History Lab show

History Lab

Summary: History Lab || exploring the gaps between us and the past || This series is made in collaboration by the Australian Centre for Public History, Impact Studios at the University of Technology Sydney and media partner 2SER 107.3FM


 What remains of Joe Governor? | File Type: audio/mpeg | Duration: 00:41:52

After Jimmy's trial, what happened to his brother Joe? Joe has mostly been forgotten by history, and his presence in the archives is little more than a whisper. From coronial records, family tales and a visit to a country pub, it becomes clear that Joe fell foul of the frontier, in life and death. And yet, more questions remain: Was Joe Governor, an outlaw, killed lawfully? How do his ancestral remains become another transactional asset in the murky world of race science? And why is western knowledge still entangled in its colonial past?

 Death Row Diary | File Type: audio/mpeg | Duration: 00:34:25

How does the law deal with an outlaw? Jimmy Governor is captured and his legal case becomes a lightning rod for justice in the new federation. But how did Australia's most-wanted murderer get one of the best lawyers in the colony? A prison experiment begins with a diary and we find out how the present mimics the past.

 The Last Outlaws | File Type: audio/mpeg | Duration: 00:32:25

This is the tale of a prison colony trying to become a country and the murder case that stood in its way, but this is not a true crime podcast. Jimmy and Joe Governor, two brothers from Wiradjuri and Wonnarua country, were the last proclaimed outlaws in Australia - wanted dead or alive. 120 years later we examine what has survived and what we can still learn from the Governor brothers' story. To find out more visit: https://thelastoutlaws.com.au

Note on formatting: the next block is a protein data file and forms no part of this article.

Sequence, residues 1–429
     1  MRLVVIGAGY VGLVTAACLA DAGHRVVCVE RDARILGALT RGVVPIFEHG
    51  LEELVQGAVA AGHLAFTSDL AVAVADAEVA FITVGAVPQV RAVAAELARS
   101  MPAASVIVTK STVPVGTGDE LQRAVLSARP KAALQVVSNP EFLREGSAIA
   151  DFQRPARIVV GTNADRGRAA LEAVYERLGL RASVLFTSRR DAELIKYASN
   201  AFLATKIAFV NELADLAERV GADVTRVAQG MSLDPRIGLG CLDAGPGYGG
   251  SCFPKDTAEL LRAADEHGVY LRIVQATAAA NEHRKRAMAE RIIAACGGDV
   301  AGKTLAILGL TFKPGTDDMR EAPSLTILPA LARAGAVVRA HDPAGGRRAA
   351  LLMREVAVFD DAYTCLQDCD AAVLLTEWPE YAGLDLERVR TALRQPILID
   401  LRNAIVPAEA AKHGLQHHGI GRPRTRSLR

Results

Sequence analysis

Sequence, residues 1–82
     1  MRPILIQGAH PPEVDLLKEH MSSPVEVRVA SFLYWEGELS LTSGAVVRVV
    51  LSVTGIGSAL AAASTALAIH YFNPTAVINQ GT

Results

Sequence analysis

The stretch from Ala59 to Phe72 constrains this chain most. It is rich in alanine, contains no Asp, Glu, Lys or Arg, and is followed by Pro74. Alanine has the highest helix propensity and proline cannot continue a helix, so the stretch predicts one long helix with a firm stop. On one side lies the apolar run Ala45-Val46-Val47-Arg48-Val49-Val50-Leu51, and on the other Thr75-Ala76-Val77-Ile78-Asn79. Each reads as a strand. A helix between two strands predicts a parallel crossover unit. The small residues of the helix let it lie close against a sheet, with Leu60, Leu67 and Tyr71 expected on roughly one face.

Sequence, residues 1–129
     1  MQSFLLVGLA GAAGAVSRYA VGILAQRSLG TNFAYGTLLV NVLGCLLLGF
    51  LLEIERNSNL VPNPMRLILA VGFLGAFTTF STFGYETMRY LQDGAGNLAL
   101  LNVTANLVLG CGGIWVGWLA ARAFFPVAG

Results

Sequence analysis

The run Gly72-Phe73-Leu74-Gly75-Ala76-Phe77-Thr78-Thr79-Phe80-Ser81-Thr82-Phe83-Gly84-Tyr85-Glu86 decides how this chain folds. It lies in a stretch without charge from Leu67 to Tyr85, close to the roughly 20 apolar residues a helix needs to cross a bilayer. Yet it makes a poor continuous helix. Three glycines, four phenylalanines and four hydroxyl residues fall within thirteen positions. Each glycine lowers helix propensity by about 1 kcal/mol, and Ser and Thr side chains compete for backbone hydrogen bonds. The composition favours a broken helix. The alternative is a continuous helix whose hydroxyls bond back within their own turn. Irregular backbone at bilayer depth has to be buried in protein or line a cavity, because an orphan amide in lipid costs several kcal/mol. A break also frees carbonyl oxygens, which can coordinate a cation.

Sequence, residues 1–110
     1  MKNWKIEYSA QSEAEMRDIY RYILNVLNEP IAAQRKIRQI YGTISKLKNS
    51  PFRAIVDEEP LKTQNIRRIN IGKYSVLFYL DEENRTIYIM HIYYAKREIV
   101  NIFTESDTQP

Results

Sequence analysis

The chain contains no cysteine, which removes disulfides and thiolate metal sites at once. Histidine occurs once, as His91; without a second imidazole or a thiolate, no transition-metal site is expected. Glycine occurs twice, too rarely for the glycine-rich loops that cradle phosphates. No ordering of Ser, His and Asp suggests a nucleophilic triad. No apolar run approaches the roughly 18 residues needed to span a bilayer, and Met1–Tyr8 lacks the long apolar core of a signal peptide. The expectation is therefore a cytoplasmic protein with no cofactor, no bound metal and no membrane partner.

Introducing History Lab Season Four - The Last Outlaws | File Type: audio/mpeg | Duration: 00:03:28

The Last Outlaws is the latest audio series to be released by Impact Studios, an audio production house embedded in the University of Technology Sydney. The trilogy podcast is based on UTS Law Professor Katherine Biber's tenacious and careful research of Jimmy and Joe Governor, Australia's last proclaimed outlaws. The Governor brothers' story has been told in books and film before, but never like this. For the Governor family descendants this is a difficult story to tell, but one that demands to be heard. Coming September 22nd.

 Introducing 'The New Social Contract' - a new podcast by the makers of History Lab | File Type: audio/mpeg | Duration: 00:03:05

How will Australian universities fare in a post-pandemic world? It depends on an influential but rarely talked about relationship between the state, its institutions, and the public. Discover more in the first podcast episode of The New Social Contract. Brought to you by the makers of History Lab.

 A close match | File Type: audio/mpeg | Duration: 00:33:41